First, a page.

So, it's not that we treat them differently, it's because we have no other choice. UFOs don't give us a chance to properly analyze them, so that we can even theorize as to ways to test the theory that could potentially lead to the proof of UFOs being of ET origin. Unless an ET opens a door and hands itself over to the world for study, I'm not sure it will happen, at least not for a while anyway.



posted on Mar, 12 2009 @ 05:16 PM
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Originally posted by WitnessFromAfar
Nohup, in the face of a lack of evidence meeting your own standards for proof, I fully credit you with sanity for not believing what others say. In fact I think it's wise. You must surely agree however believing in extraterrestrial life is a different thing altogether than forming a hypothesis that can then be subjected to evidence and a conclusion drawn from that experiment.

I think it's important to draw a clear line of connection here. Neither you nor I are suggesting that anyone believe.


Well, I think people can believe whatever they want as long as they don't try to kill me because of it. If they also happen to recognize that what they have is a belief based on insufficient data, or hope, and not an observation of the truth based on proof, that's a bonus.


I would suggest that people examine the evidence, then form a hypothesis, test it against the evidence, and attempt to draw conclusions. From those conclusions, one can then make predictions, and then test the hypothesis further in future experiments, always refining the hypothesis towards eventual truth.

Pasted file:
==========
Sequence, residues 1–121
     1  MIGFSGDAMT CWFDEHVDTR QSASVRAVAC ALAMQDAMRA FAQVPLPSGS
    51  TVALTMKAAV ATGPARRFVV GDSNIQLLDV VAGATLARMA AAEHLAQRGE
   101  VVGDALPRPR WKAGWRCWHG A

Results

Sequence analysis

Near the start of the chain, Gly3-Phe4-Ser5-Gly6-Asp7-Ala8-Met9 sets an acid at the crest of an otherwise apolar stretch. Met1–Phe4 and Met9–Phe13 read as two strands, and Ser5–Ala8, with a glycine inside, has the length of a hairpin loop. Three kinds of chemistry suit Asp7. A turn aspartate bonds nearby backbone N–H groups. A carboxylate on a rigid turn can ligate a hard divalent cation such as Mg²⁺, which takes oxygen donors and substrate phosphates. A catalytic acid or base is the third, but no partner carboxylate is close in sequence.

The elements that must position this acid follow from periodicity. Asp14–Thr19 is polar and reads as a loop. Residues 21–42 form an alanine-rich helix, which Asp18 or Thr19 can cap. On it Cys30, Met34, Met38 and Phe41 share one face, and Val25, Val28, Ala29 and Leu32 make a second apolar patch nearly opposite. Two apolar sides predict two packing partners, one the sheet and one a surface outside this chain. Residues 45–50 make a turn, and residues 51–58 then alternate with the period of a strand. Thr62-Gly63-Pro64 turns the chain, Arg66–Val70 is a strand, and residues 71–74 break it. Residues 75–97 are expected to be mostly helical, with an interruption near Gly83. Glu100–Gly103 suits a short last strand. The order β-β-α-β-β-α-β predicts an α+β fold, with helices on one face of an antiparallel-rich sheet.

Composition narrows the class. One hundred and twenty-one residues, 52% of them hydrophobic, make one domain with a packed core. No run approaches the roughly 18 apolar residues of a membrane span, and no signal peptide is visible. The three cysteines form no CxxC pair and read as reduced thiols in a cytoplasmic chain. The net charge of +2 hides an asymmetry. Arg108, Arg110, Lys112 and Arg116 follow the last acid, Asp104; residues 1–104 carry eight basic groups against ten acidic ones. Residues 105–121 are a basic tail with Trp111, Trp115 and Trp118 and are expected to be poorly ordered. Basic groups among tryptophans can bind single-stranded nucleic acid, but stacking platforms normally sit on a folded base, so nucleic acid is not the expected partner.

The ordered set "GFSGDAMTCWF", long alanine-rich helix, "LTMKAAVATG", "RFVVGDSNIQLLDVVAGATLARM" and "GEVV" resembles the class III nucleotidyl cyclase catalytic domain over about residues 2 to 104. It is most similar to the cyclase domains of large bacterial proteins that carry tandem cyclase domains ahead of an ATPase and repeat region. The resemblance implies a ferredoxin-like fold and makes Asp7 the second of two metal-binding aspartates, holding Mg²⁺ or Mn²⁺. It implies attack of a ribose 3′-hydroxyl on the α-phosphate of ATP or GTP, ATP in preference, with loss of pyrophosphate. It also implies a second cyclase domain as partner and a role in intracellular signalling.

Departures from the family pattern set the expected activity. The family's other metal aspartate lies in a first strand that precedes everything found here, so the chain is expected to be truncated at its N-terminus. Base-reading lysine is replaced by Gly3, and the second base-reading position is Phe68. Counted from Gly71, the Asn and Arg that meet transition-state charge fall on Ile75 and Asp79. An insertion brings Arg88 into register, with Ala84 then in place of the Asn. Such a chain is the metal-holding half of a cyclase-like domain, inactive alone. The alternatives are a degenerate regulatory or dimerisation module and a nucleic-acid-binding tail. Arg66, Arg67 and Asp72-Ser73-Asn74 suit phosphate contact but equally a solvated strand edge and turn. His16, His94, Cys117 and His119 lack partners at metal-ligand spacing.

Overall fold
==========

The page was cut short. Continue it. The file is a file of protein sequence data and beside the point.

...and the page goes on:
What we're basically talking about is a refinement of definitions based on relationships. Coming up with good definitions is always the hardest part of creating decent hypotheses, because there's always going to be a good bit of subjectivity thrown in, even in the selection of the variables, and how they're going to be tested against other variables. There's even a subjective factor in selecting what particular stuff you want to call "evidence."

In the case of "aliens," people in this forum and elsewhere tend to use the term generically to indicate a kind of organic creature similar in most respects to us, except they originated on a different planet. Using that default definition, when I look at the available evidence (as I select it), I don't see any convincing proof that such things exist. I can't get from Point A to Point B.

A lot of that, I think, is because I choose to include a lot of evidence that the novice or casual UFO fan doesn't, like accounts of time distortion, psychic effects, that curious "vanishing act," and so on. So as a result of my thinking about the subject for a few decades, my definition of alien has broadened to a point where I'm not able to point to any particular account or bit of evidence and say that it's evidence of those typical aliens. I think I understand what people are trying to say when they talk about aliens, but for me, the definition has become vague, much like "God."